Have you ever wanted to be alone in the woods, drinking your own urine to survive? Probably not, that’d be weird. But you’ve wondered if you could do it, right? An exclusive essay by the author of the new science fiction novel, The Martian, out in paperback todayRead the rest
Bryan M of Digg writes: "John All fell 70 feet down a crevasse, which left him seriously injured and unable to use his right arm."
He recorded four videos about his ordeal as it was happening!
Now this is how you do multimedia.
At The New York Times, John Branch tells the amazing, terrifying story of 16 backcountry skiers and snowboarders caught in an avalanche in the Cascade mountains in February 2012. The article, by itself, is a must-read. But you should also take a look at the absolutely fantastic way that Branch and his editors put the online medium to good use — embedding interactive maps, photos that move like something out of Harry Potter, and more standard videos into a lovely, fluid design.
Alissa Walker, who pointed me toward this piece, said that she felt cold just reading it. And you really do get that feeling. All the elements of Branch's article are brought together in a way that enhances the urgency and amplifies your sense of experiencing somebody else's story. It's really, really, really fantastic.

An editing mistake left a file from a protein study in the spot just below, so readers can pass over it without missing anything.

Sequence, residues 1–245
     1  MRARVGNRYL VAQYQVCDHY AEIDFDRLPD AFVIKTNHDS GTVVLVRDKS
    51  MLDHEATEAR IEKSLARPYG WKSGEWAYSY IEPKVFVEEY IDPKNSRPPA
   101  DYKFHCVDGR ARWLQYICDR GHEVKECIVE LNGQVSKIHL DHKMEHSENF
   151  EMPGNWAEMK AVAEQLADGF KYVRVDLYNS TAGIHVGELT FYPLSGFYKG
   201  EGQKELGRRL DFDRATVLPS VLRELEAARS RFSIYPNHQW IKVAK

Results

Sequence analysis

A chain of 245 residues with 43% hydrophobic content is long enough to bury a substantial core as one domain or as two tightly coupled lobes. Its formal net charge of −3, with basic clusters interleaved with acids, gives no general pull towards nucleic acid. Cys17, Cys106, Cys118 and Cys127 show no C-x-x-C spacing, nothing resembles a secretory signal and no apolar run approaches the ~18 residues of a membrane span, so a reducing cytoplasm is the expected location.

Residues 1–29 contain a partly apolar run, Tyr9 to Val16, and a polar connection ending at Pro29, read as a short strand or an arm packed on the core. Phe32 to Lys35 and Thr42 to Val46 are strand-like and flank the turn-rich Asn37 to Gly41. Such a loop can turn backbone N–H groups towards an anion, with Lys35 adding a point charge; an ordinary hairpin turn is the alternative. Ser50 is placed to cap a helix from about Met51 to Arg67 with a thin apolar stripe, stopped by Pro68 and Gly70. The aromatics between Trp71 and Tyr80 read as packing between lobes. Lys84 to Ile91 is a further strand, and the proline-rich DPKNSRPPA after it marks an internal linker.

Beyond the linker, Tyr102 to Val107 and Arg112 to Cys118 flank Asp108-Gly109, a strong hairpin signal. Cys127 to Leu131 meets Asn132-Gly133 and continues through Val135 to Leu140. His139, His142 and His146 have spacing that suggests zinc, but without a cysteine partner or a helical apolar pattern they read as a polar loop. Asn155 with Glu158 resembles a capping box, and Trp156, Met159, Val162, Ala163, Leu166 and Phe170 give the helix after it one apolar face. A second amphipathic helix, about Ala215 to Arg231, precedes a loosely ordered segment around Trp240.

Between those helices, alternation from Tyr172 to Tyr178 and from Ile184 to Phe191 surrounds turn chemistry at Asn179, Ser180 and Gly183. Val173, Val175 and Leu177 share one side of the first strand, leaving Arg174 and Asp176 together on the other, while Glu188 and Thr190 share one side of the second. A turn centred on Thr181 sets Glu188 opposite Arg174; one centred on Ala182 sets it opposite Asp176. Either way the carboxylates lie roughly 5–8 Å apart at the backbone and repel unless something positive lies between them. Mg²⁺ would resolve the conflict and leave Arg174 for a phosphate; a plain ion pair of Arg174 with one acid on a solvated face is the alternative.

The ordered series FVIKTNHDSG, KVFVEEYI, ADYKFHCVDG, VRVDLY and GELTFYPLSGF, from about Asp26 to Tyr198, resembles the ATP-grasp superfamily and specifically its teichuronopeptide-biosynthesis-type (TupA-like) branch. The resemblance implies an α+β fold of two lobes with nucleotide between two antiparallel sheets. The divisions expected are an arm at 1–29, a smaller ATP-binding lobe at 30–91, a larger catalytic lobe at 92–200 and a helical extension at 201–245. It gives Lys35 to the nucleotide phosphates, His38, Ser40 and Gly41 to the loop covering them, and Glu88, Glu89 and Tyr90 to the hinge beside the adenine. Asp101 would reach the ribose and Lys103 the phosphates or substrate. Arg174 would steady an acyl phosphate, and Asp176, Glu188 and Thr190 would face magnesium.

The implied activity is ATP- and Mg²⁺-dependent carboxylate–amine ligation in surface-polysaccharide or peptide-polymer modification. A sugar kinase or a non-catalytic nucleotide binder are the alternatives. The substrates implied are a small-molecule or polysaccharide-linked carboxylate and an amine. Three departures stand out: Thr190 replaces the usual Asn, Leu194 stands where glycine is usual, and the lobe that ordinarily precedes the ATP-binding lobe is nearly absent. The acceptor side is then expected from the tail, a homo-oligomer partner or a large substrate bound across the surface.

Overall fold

Meanwhile, it's still flooding in Thailand. And, after three months of this, the Thai people have been forced to get creative.
Thai Flood Hacks is a Tumblr that feels like a pean to human ingenuity. Here, you will find boats made out of old water bottles. Homemade jet skis. Raised walkways built from shopping carts. Guys just out walking around on stilts. It's amazing. Thai Happy Mutants have pulled off some awe-inspiring instant solutions that allow them to get on with their lives in the middle of an infrastructure-crippling natural disaster.